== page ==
Diabetes mellitus


Health related quality of life


Impaired fasting glucose


Impaired glucose tolerance


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We would like to thank the following Health Centers/individuals for helping implement the present study: the medical staff of the Health Center of Alimos (especially Dr. Ourania Zacharopoulou), the staff of the Center for the Elderly Agioi Anargyroi, the medical and nursing staff of the Health Center of Markopoulo (especially Mrs. R. Salonikioti), the medical and nursing staff of the Hellenic Telecommunications Company (especially Drs C. Pietris and C. Alexopoulos), the medical and nursing staff of the Hellenic Radiotelevision (especially Dr. M. Katsorida), the medical and nursing staff of the Bank of Greece (especially Drs V. Spandagos and P. Konstantopoulou), the medical staff of the Olympic Village complex (especially Dr. S. Tigas), the staff of the electrical equipment manufacturer “Pitsos-Bosch”, the medical and nursing staff of the Health Center of Vari (especially Dr. M. Dandoulakis) and the medical and nursing staff of the Health Center of Vyronas (especially Dr. K. Kyriakopoulos).


This project was partly funded by the Commission of the European Communities, Directorate C – Public Health, grant agreement No. 2004310. Under the rules of the agreement, it was also partly co-funded by the private sector and in this case it was supported by an unrestricted educational grant from Bristol-Myers-Squibb, Greece.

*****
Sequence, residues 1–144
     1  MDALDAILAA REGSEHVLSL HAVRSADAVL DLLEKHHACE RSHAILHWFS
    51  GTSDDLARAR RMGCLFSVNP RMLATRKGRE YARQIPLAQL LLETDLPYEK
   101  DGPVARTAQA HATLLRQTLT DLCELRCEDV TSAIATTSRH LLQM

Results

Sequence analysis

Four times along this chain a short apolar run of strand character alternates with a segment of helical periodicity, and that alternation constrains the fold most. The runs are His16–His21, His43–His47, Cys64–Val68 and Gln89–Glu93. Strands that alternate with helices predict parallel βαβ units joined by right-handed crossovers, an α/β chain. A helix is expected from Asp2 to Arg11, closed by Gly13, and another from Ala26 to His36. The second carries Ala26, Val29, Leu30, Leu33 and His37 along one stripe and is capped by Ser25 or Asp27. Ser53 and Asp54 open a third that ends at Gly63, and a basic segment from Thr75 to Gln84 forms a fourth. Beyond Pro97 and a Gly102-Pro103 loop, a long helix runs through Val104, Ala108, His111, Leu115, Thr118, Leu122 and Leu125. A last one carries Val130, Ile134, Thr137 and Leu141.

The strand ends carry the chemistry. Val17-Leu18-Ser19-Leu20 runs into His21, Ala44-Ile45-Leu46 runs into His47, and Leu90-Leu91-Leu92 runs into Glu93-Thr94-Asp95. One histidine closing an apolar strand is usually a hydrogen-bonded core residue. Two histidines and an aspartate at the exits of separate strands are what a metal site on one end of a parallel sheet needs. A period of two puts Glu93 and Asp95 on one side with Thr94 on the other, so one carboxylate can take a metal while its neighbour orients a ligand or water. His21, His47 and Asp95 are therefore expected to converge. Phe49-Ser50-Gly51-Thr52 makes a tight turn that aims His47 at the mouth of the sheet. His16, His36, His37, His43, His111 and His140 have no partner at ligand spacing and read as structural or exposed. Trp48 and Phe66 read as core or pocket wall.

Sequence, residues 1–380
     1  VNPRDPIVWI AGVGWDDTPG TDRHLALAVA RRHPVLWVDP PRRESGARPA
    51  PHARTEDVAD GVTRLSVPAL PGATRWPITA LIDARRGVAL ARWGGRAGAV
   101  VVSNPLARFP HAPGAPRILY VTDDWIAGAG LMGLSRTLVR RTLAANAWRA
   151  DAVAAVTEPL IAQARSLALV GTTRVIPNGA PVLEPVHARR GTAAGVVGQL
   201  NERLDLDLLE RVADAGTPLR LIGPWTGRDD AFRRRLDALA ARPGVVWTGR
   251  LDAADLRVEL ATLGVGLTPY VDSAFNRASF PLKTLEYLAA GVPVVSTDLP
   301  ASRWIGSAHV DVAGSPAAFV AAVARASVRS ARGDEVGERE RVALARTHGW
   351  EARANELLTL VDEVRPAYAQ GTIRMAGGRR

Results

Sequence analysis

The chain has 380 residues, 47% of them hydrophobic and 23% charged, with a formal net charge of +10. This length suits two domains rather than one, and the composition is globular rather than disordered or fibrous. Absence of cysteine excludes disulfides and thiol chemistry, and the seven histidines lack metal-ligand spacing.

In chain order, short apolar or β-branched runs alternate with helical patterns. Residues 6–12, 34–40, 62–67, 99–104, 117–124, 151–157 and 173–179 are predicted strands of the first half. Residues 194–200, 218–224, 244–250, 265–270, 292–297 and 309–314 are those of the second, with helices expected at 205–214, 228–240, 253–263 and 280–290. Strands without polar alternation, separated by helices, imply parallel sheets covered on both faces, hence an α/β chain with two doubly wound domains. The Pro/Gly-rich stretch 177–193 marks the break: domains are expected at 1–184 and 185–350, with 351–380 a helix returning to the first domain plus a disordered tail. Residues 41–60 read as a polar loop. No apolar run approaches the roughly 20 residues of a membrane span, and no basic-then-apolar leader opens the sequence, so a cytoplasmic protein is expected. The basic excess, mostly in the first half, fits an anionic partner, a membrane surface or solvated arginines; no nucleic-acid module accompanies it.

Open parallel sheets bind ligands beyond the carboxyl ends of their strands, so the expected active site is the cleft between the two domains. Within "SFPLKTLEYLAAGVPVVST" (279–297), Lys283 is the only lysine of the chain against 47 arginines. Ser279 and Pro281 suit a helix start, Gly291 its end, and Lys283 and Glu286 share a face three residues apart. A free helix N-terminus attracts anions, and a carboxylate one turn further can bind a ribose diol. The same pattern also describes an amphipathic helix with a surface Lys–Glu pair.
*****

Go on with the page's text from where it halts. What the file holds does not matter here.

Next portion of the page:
Availability of data and materials

The datasets used and/or analyzed during the current study are available from the corresponding author on reasonable request.

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Authors and Affiliations



KM designed the study, obtained the data, analyzed and interpreted the patient data and wrote the manuscript; SL designed the study, obtained the data and reviewed the first draft of the manuscript; AT, CS, EP obtained the data; DP analyzed the data; NK, NK and DN designed the study and provided critical revisions of important intellectual content to the manuscript. All authors revised the manuscript and approved the final version prior to the submission.

Corresponding author

Correspondence to Konstantinos Makrilakis.

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The study was approved by the cooperating hospital’s ethics committee (Laiko General Hospital Ethics Review Board), and the Hellenic National Drug Organization. All participants signed an informed consent according to the general recommendations of the Declaration of Helsinki.

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The authors declare that they have no competing interests.

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Makrilakis, K., Liatis, S., Tsiakou, A. et al. Comparison of health-related quality of Life (HRQOL) among patients with pre-diabetes, diabetes and normal glucose tolerance, using the 15D-HRQOL questionnaire in Greece: the DEPLAN study. BMC Endocr Disord 18, 32 (2018).